Ireland is a competitive economy across Europe through low corporation tax. The overall productivity levels, a well-educated and young workforce and a smart approach to business regulation look promising. While Taxes are on a higher side in the Netherlands but comparatively a good distribution of wealth in comparison to the first world countries.

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The Dutch are very Export Intensive as more than 78% GDP values are resultant of Exports with a gigantic exports size of 652K Million USD. For Irel, and the value is somewhat little (41%) in comparison to the Dutch with meager 137K Million USD.


Like export figures, the Import values are on a higher side too in the Netherlands. Though this trend is pretty discouraging and not at all good for the economy. So, Ireland has reasons to feel proud here with very low import values (26% of the GDP) in comparison to the Dutch (almost 70%).


Ireland has proportionately the largest capital investment programme in Europe. According to the ‘Doing Business Index’ Irish Economy (17) is on a brighter side. Additionally, significant strengths in high-value clusters of economic activity areas such as ICTs, biopharma, medical devices, and international financial services gives Ireland an extra edge.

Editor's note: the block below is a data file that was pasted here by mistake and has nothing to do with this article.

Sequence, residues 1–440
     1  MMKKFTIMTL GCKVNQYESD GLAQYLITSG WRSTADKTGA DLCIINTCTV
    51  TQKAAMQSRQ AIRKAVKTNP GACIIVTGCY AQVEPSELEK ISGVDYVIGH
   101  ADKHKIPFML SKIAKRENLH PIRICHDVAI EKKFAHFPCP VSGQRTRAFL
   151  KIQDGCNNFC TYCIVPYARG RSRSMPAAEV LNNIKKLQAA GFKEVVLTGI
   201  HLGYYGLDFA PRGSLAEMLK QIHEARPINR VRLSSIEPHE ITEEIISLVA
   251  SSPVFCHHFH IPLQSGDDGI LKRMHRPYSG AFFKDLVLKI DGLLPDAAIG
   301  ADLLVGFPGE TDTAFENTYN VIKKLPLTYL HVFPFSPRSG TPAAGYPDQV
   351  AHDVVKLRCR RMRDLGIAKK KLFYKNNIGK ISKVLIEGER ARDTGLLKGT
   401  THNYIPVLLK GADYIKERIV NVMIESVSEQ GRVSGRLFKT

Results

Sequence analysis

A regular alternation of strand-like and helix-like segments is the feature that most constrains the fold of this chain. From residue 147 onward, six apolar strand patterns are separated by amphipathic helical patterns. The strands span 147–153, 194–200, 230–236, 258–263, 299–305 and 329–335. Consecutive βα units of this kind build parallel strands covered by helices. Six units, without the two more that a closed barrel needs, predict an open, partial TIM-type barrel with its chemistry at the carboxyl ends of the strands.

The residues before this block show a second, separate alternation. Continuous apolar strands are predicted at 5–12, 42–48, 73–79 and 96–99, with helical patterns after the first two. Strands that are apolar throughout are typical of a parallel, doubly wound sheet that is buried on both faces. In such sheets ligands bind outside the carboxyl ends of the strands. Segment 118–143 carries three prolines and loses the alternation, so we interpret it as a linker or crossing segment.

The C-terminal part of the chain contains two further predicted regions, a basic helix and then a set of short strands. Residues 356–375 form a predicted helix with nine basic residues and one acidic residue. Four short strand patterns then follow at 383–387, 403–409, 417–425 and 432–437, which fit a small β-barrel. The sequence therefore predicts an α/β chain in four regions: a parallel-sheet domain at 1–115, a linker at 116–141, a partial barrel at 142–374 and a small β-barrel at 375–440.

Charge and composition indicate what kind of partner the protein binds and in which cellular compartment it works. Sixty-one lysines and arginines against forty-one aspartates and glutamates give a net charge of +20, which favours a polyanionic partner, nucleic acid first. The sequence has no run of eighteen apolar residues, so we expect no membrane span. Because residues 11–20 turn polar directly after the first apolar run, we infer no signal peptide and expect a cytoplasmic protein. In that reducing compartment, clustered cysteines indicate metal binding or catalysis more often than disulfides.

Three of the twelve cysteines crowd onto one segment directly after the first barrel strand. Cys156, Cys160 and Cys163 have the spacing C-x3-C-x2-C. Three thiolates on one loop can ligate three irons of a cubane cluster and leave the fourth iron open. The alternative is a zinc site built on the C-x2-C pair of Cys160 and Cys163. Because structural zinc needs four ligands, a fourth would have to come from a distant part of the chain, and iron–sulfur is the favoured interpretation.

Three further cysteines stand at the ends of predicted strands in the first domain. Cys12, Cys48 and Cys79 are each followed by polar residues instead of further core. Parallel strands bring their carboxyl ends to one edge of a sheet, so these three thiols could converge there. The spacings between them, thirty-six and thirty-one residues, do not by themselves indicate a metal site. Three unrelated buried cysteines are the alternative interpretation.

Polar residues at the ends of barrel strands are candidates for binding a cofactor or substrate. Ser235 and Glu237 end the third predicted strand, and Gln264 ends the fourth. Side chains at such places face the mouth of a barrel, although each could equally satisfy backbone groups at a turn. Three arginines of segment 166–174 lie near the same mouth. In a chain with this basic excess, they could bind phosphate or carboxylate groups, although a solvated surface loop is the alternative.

The Agricultural and Food sector is a €24 billion contributor to Ireland’s economy. Additionally,  in returns, 6.3% of gross value added and 7.4% of employment across the country. In the same measure, the Netherlands earns more than 25 billion euros from exports of all agricultural businesses, the food and beverage industry and the agro-related manufacturing industry in this sector, which is around 4.5 % of its GDP.


The Irish GDP (70% of the GDP) and the Netherlands (80% of the GDP) both are dominated by the services Sector but it is the manufacturing sector that makes the difference. In Ireland the Manufacturing sector contributes 28% of GDP which is mostly driven by manufacturing) while in the Netherlands the contribution is a bit more than 18 % dominated by the machinery, electronics & high-tech industry, metal, Oil refining, Chemical, and food processing industries.

Energy and Environment

In terms of Carbon footprints, Ireland simply has a better performance in comparison to Dutch due to less CO2 emissions. It translates to a fact that Irish people are less susceptible towards a poor air quality in comparison to the Dutch.

Oil Consumption

People in the Netherlands consume twice oil and petroleum products in comparison to the citizens of Ireland. This huge demand is all because of the bigger population of the Netherlands.


Both Economies are largely a Service based economy as more than 3/4th of the GDP revolves around the same. An adequate attention should be given to the Industries, Agriculture, and other sectors too. In terms of Macroeconomic factors, the Dutch seem a winner with higher demographic dividend, GDP and export values. But If we look at the other factors which are microeconomic in nature, Ireland leaves a promising impression. It is growing with a balanced performance across the sectors.